9. Jeannie, unfortunately I have only made this using the bread machine, so I am not sure. However, I imagine you should be able to look something up online for how to adapt bread machine recipes for kneading by hand and play with that. If you do end up trying it without a bread machine, please let me know how you did it so that I can let any others who are without a breadmaker know! Thanks!

  10. yummy and good for us too ! Ill have to dust off the ole bread machine now

    - KAT -

  11. do you need to use a bread machine?

  12. Rebecca, you can definitely use this recipe if you do not have a breadmaker but I don't know exactly how you'd adapt it. However, I imagine you should be able to look something up online for how to adapt bread machine recipes for kneading by hand and play with that. If you do end up trying it without a bread machine, please let me know how you did it so that I can let any others who are without a breadmaker know! Thanks!

  13. I just made this and wasn't sure if I should let it cool in the pan, or get it out of the pan and let it cool on the rack. Well, it came apart with the bottom sticking to the pan. We'll still eat it, just in chunks! I noticed your picture was with a glass loaf pan. Maybe I'll try that next time too.

  14. Beckyjam, I'm sorry your loaf didn't hold together! I think the culprit might be that you did not coat the bottom of your pan well enough with cooking spray.

    I do usually let my loaf cool in the pan (which, as you observed, is glass) for about an hour before I shake the loaf loose. (Turning it upside down and shaking it usually does the trick and it slips out without a problem.) Then I let it cool on a rack.

    Hope that helps for the next time. It really is a great bread so I hope you don't give up on this recipe!

  15. What is your reason for cooking your bread in the oven as opposed to letting the bread machine cook it?

  16. Carrie, when I bake loaves in my machine they are misshapen from the paddle and there's a hole where dough rested on the paddle. There are other brands that are designed to prevent this, but I just find it easier (and more cost effective!) to bake it in the oven rather than buy a whole new machine!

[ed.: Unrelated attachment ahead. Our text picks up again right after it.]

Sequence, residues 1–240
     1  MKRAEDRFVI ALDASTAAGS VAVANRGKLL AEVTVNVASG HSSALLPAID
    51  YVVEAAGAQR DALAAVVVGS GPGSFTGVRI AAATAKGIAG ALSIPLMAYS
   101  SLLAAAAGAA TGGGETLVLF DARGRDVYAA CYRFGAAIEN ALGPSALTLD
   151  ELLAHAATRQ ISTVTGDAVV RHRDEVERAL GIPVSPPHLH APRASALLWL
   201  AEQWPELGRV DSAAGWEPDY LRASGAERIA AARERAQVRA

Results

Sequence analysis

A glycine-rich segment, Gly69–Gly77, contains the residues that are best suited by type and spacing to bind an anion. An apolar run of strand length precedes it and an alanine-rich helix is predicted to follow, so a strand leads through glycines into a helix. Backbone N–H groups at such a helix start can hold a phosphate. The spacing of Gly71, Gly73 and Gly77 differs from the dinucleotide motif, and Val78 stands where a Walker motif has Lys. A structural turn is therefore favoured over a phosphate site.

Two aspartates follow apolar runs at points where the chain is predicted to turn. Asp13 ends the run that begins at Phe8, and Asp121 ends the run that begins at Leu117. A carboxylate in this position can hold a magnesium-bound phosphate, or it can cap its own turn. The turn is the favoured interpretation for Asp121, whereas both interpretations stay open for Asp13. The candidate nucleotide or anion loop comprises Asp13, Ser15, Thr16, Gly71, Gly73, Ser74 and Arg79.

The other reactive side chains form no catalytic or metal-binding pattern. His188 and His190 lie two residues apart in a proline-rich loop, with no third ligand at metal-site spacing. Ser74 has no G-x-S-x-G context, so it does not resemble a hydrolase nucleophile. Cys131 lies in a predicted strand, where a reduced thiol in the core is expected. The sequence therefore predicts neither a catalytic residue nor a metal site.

17. I am a newbie at bread baking & have a question. I did every step as directed above, however, my bread did not rise much after I put it in the oven... in fact, it almost seemed as if it was lower after I baked it than when I first put it in. It seemed very dense & not done all of the way. (Before I put it in the oven, it was double in size as expected.) What did I do wrong? Thank you for any help. ;)

  18. Hmm. I don't think that's ever happened to me before, Bluebird. There are lots of variables in baking, so I am not sure exactly what it is. However my guess would be that either your oven got too hot (and killed the yeast so that it did not rise properly) or that maybe you needed to leave it in your oven longer. (When it's really cold here, sometimes I have to let it rise for an hour and a half; I usually just go by when it's gotten tall enough.) I'd advise you to try it again and make sure to only turn the oven on for one minute and then promptly turn it off before letting the dough rise in the heat. See if that solves it. If not, it could also be your yeast, if it's no longer "active." Let me know if you try it again and how it goes. I am happy to try to help you problem solve!

  19. I absolutely LOVE this recipe. It has come out EVERY single time I have made it, even making some changes, like more whole wheat flour and less white. And I usually struggle SOOO much with making bread, I kind of had given up hope that I could do it successfully everytime. The tips like letting it rise in a warm oven and adding gluten to the regular flour have been so crucial for me to be successful here. Thank you so much for this new bread recipe and the confidence, I am so grateful!

  20. I'm so pleased to hear that, Brooke! I'm glad my tips helped you figure it out because it is so wonderful to be able to have homemade bread! Thanks for letting me know that my recipe was helpful!